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The Rose Bowl - UCLA's Home Football Stadium



  • Directions to The Rose Bowl
  • Click on photo for larger version

    The nation's most famous college football stadium -- The Rose Bowl -- is now in its 19th season as the home of the UCLA Bruin football team. One of the finest football stadiums in America, the Rose Bowl was built specifically for football, but was used for portions of the 1932 Olympic Games and was also the soccer site for the 1984 Olympics. The Rose Bowl has also been the site of four Super Bowls, most recently Super Bowl XXVII on January 31, 1993, and was a venue for the 1994 World Cup and 1999 Women1s World Cup soccer tournaments, including the championship games. It is currently the home of the Galaxy of Major League Soccer.

    In 1998, new individual chairs were installed in the seating areas between the end zones as part of a plan to bring the Rose Bowl into the 21st Century as America1s premier college football stadium. Also, improved seating areas for the physically challenged have been installed, as has a new sound system.


    Click on photo for larger version
    In 1997, a state-of-the-art video board, as well as new matrix-style scoreboards, were added to the the Rose Bowl. Construction that began last year on additional concession stands and restrooms has been completed. In addition, team dressing rooms have recently been renovated.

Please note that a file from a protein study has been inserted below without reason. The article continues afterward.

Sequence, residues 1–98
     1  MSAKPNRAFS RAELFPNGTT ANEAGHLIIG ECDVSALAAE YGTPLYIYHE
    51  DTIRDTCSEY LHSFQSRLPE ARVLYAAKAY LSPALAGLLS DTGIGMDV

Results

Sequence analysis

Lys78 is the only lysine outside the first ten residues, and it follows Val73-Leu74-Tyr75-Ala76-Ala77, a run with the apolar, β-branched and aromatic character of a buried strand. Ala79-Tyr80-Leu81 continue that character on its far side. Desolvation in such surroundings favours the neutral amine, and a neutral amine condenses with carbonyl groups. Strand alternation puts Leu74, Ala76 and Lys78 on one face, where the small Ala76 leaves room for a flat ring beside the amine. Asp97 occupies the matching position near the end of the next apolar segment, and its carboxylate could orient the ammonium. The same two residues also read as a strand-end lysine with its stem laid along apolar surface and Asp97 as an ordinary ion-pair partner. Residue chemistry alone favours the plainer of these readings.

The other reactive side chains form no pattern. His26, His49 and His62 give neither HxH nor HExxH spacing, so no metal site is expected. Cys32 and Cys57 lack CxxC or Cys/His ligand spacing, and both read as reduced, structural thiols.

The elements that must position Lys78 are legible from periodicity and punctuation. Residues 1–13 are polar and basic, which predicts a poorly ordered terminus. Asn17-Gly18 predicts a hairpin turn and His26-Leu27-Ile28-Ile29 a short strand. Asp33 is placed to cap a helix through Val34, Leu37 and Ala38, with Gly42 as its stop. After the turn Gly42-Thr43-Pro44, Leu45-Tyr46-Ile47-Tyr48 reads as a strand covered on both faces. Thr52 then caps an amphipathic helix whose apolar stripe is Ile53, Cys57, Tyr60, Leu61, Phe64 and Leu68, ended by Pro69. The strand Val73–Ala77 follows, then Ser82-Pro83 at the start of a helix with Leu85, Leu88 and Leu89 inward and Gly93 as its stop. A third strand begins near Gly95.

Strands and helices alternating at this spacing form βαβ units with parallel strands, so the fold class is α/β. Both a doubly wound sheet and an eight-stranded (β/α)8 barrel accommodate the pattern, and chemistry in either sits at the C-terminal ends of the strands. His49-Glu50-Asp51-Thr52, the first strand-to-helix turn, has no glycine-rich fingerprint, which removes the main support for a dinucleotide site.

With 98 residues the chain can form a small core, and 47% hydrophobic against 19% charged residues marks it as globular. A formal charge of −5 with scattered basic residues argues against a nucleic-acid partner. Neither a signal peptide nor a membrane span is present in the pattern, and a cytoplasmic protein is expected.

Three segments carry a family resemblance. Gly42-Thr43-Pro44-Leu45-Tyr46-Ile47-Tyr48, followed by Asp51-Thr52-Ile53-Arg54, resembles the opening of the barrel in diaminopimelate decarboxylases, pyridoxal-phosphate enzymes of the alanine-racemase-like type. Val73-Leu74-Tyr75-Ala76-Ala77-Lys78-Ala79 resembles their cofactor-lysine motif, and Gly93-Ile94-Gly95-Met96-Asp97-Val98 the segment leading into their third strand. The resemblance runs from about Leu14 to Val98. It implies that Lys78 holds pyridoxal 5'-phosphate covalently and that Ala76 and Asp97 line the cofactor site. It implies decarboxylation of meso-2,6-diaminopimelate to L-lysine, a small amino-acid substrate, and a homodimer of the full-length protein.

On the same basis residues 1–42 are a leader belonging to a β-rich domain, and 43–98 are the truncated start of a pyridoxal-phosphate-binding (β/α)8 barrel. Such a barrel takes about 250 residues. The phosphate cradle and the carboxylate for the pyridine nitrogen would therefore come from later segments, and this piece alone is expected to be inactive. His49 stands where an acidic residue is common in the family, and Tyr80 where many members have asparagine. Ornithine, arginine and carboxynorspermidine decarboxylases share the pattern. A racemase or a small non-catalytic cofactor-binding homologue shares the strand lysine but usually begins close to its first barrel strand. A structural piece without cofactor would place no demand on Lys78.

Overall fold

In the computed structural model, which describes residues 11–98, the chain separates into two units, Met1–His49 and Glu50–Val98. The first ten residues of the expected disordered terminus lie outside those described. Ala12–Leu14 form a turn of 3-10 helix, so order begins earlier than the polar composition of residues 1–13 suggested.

Prior to the 1992 season, the Rose Bowl built a new three-level press box. In addition to modern facilities for the print and electronic media, the new press box has two levels of executive and club suites, some of which are still available for lease. Three elevators service this state-of-the-art facility.

    In addition, the Rose Bowl also received a new state-of-the art lighting system prior to 1992 season. The system included new lights, fixtures and towers.


    Click on photo for larger version

    Completed in 1922, the Rose Bowl was first used for the USC-California game that year. The stadium was horseshoe shaped and seated 57,000 persons when it hosted the 1923 Rose Bowl Game. The south end was enclosed prior to the 1929 game and enlarged to seat 76,000 spectators. Demands for more and more seats led to further enlargements, to 83,677 in 1932 and to 100,807 in 1949.

    With the new seating configuration, the current seating capacity is 91,136, though a record 106,869 witnessed the 1973 USC-Ohio State Rose Bowl contest.

    In conjunction with UCLA1s move in 1982 and the Olympics, a Rose Bowl improvement program resulted in the refurbishing of the press box, adding permanent concession stands and backs for more than 50,000 seats. In recent years, all of those areas have enjoyed additional enhancements.


    Click on photo for larger version

    The Rose Bowl has many firsts to its record. On Jan. 1, 1927, radio stations across the nation were linked together for the first time in a coast-to-coast broadcast. On Jan. 1, 1954, the UCLA-Michigan State Rose Bowl Game was the first west-to-east color telecast on a nationwide hookup.